l’amour est bleu was founded with a vision to change the fashion industry. My desire is to create beautiful sustainable fashion that women will love and wear throughout their lives. To do this, I search for the most beautiful sustainable fabrics and create capsule collections that are easy to wear and combine well with each other. From the beginning, we have produced fairly in Germany, although production in Vietnam would not have been out of the question due to my mother tongue and network. Due to the complexity of the textile supply chain, I ultimately decided on production Made in Germany. The short distances allowed me to have the greatest possible influence on the transparency and sustainability of my supply chain. A few years later, I would never have thought it possible to have my clothes made by Vietnamese tailors in Berlin.
From pre-production to made to order
The first collections of l’amour est bleu were classically pre-produced – in small quantities, but still, there were leftovers at the end and that annoyed me a lot. It went against my idea of sustainability that resources and labour are invested in a garment that remains hanging on a clothes rail. My basic idea of l’amour est bleu was to produce garments only on order, to make only what is needed. I was talked out of this now very common production model at the time. But after several collections with leftover stock, I decided to give made to order a chance.
I worked with Karen, a freelance tailor, at the beginning and after a short time we found our rhythm and it worked flawlessly to make the clothes to order. But the greatest thing was that the customers accepted the longer waiting time of 10 days! The demand grew and suddenly I had to find new tailors to serve the orders.
Textile production in Berlin
Through Karen I found my second seamstress Annika, but I soon needed more support and found none. Out of complete perplexity, I wrote to my photographer Vivienne in the hope that she knew some Vietnamese tailor. And she did indeed have an acquaintance whose parents ran a tailor shop. So I marched with my cuts and patterns to the tailor’s shop in Friedrichshain and asked, in my broken Vietnamese, if they could make my orders for me. When they looked at me silently with wide eyes, I asked uncertainly, “Or would you prefer German?” Yen and her husband Toan asked me in horror why my Vietnamese language skills were so poor!
In the meantime, I have shifted the entire production of l’amour est bleu to Yen and through our purely Vietnamese communication, my language skills have improved significantly. While I made all the cuts and patterns myself in the beginning, Yen has taken over this area for the most part. She also coordinates the production of orders among her tailors and develops designs for the l’amour est bleu collections. Six months ago, we started producing orders for other fashion labels.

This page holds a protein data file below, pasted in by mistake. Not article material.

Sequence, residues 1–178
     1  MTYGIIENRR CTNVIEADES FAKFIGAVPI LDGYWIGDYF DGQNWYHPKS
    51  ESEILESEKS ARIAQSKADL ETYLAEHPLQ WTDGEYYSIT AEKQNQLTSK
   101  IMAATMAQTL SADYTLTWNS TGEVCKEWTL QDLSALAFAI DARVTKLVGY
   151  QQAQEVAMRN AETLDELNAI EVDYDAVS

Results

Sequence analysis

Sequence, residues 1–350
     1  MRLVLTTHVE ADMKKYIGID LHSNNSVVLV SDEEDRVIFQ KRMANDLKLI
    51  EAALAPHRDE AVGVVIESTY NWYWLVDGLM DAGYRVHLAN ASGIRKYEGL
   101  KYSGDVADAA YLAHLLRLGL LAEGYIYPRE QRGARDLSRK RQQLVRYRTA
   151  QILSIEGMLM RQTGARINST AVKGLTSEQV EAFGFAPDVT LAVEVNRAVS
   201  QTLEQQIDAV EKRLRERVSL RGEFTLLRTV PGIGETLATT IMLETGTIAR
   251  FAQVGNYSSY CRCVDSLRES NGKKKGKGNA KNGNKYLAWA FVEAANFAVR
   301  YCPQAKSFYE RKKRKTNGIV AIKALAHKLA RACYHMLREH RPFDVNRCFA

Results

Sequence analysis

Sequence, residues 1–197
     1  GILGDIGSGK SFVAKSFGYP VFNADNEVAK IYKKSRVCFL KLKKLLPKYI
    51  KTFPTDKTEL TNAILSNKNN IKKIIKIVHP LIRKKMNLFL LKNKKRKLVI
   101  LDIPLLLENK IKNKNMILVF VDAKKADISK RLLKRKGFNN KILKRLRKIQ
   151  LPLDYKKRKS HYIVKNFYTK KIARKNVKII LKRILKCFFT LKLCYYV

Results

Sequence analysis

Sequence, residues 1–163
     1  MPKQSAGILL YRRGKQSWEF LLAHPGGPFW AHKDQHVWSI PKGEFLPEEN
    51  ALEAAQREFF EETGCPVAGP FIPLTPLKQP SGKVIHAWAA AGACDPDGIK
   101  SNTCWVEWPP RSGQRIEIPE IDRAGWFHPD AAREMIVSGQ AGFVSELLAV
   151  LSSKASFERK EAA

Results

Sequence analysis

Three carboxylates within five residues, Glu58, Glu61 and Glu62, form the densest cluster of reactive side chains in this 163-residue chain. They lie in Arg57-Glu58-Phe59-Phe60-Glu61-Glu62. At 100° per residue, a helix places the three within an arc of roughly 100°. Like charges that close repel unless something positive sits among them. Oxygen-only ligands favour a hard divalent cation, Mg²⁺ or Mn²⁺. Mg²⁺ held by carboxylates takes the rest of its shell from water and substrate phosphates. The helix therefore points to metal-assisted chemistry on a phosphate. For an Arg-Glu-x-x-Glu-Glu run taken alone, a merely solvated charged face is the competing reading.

““It’s not an easy path to change the fashion industry, but it feels easier when you have support”.
From lone fighter to team
“I am very happy that I have now built up a small team to support me with l’amour est bleu. It is not an easy way to change the fashion industry, but it feels easier when you have support. Above all, I am very happy to have found someone in Yen who loves her work as much as I do and finds fulfilment in it. Finally, I would like to give Yen the opportunity to tell you more about herself:
“I was born and raised in Vietnam. I cut a shirt for the first time when I was 13 and sewed it by hand because my parents didn’t make enough money to afford a sewing machine. It took me a whole day to sew the shirt and my mother and friends praised me for making it look like it was sewn with a machine. My mother recognised my talent and sent me to train as a tailor. In 1987, the textile factory where I worked sent me to East Berlin as a guest worker to the company Damenmoden Berlin. In 1998, I opened my own tailor’s shop for new productions and alterations. But new designs were hardly in demand and in the long run I was bored just repairing clothes. I always wanted to be a pattern maker and dressmaker and was afraid that I would forget the knowledge I had learned if I only repaired clothes. The only thing I liked about being an alteration tailor was that I got to customise clothes for my customers and they were happy. But in 2018, I reached a point where I was becoming increasingly unhappy with my work. I am a very devout Christian and asked God to allow me to tailor new clothes again. A short time later, Thien actually came to my tailoring shop and asked me if I would like to work for her. What I love about my job is that I make clothes for women that make them feel beautiful. So I am grateful for any feedback from our customers that helps us improve our clothes. Because making our customers happy is a matter close to my heart”.